"At the time, the only art school was NAFA (Nanyang Academy of Fine Arts), which was very conservative and influenced a lot by the Chinese tradition. Brother McNally wanted to introduce something more European and more international, so he employed practising artists to come in as teachers. Iskandar Jalil, the famous potter, was there as was my teacher, a Belgian man called Stefan Newmann who worked as an illustrator. The school was one room with a big table in it for the students, and then Brother McNally's office which doubled up as the library. I remember the time as a period of learning, not just of art but also literature. It was the first time I learned how to read novels and be inspired by them, by their sensitivity and their eloquence."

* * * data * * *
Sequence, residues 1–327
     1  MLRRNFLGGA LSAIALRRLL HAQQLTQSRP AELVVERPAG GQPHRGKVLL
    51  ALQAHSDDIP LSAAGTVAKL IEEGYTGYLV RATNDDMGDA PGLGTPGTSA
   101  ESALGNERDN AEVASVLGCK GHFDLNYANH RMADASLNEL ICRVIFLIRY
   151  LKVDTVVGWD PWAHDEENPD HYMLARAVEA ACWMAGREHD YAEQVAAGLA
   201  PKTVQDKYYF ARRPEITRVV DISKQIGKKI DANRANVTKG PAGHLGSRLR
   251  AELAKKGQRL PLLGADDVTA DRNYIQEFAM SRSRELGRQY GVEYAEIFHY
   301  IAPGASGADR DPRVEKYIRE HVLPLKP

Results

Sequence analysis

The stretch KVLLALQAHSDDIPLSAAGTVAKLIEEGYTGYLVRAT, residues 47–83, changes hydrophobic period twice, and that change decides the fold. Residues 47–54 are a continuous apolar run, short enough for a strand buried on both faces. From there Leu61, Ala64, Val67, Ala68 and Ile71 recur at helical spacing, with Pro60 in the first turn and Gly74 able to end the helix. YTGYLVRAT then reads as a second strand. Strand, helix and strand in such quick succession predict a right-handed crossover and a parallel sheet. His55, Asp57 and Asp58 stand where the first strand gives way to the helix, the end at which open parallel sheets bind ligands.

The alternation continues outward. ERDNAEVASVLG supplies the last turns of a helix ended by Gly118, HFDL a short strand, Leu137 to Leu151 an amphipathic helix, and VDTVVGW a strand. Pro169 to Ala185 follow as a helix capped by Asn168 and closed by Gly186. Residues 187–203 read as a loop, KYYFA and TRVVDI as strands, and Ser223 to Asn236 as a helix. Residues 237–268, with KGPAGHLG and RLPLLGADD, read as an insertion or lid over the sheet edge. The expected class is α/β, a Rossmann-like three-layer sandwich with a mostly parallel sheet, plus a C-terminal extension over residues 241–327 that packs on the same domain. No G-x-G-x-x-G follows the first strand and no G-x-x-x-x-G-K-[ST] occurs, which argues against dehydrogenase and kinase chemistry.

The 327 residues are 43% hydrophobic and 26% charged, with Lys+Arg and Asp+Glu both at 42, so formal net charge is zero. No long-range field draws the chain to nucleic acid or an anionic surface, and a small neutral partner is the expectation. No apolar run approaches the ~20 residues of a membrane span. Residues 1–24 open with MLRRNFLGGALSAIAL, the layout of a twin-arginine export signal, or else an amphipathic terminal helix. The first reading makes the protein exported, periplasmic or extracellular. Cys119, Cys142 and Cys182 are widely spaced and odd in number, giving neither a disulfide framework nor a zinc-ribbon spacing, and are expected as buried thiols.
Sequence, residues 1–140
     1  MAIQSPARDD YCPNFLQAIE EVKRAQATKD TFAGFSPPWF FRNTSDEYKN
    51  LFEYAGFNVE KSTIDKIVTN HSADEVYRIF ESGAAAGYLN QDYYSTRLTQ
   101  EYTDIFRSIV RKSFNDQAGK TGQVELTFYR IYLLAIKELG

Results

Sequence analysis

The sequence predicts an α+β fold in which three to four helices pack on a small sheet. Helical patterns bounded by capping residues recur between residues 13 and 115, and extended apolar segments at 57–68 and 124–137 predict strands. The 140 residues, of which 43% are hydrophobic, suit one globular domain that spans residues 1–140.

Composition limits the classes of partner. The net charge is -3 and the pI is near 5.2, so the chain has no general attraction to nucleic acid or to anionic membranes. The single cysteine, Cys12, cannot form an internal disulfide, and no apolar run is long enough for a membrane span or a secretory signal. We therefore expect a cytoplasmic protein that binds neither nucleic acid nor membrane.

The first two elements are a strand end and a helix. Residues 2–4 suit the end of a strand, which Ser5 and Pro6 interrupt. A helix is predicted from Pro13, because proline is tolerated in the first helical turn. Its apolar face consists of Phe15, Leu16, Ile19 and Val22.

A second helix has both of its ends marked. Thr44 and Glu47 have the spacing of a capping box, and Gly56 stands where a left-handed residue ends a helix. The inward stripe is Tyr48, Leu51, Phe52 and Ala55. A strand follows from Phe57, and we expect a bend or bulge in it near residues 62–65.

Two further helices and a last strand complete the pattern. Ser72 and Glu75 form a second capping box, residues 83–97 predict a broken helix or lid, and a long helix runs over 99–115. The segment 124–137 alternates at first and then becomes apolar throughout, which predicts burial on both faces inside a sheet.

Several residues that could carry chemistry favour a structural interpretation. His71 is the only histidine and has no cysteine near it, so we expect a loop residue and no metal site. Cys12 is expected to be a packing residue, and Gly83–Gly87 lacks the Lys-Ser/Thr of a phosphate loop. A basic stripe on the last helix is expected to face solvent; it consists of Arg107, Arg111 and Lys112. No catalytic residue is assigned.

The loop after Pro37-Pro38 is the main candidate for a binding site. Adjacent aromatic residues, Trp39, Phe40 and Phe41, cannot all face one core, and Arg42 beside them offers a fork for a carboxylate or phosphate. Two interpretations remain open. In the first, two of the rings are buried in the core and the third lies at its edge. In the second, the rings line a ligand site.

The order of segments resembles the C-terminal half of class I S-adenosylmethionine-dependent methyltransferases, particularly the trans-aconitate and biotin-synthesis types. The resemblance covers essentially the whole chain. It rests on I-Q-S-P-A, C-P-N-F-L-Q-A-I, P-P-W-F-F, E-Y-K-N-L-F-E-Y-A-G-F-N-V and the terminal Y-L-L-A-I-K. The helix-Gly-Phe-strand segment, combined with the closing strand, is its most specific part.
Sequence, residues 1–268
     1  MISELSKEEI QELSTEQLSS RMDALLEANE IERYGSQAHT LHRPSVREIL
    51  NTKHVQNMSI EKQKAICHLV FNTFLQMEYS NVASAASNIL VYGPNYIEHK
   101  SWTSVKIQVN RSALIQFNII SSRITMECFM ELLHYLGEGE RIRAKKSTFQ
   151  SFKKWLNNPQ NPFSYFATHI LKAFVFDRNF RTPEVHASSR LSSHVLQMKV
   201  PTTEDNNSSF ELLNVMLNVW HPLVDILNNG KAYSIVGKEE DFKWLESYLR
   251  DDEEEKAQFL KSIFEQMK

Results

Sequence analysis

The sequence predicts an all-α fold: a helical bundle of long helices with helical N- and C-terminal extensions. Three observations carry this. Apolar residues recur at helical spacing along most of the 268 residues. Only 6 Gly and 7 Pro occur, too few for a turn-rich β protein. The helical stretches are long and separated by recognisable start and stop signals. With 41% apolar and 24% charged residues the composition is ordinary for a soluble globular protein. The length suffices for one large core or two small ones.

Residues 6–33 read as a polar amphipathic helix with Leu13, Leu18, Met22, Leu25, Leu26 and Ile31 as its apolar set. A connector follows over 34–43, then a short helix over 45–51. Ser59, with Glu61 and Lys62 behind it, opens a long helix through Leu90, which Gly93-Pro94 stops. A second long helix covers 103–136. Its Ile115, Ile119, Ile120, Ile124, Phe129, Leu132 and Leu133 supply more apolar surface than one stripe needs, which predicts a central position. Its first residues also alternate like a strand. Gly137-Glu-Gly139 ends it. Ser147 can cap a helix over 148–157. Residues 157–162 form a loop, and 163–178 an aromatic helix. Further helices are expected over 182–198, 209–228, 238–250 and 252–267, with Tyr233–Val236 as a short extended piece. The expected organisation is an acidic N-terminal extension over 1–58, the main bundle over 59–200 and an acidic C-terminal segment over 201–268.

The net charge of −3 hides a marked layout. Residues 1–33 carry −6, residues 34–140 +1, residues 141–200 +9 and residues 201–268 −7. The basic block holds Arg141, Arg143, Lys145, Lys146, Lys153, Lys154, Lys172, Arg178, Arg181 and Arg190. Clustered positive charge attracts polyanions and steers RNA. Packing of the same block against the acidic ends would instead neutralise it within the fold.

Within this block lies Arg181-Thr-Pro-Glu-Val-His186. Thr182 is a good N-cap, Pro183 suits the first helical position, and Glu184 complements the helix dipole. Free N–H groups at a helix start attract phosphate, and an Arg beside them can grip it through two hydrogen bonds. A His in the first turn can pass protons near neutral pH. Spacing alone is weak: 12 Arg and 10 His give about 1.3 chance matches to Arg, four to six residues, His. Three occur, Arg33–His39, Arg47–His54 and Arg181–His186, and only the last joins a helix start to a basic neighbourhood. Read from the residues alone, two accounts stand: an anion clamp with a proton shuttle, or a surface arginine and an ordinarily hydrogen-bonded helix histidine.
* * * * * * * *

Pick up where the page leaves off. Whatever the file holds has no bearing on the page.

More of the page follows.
It was seven years before her two year training translated into a career. I asked her if things might have been different if she'd been a student in New York or Europe. There, art follows a more structured career path as there is more of an expectation that students will make a living from their studies. "I often wonder about that." she muses, "But do you know, I'm glad that I'm here in Singapore. I think being closer to the East, which at the moment is much more creative and less commercial than the West, helps me with creativity. The Eastern art scene still has a quality of innocence, of wanting to tell a story that I think has been lost in the West. When I went to Berlin I was struck by how intellectual art was over there, with an intellectual audience too. I kept wanting to ask, 'Well do you like it or not?' Isn't that the point?"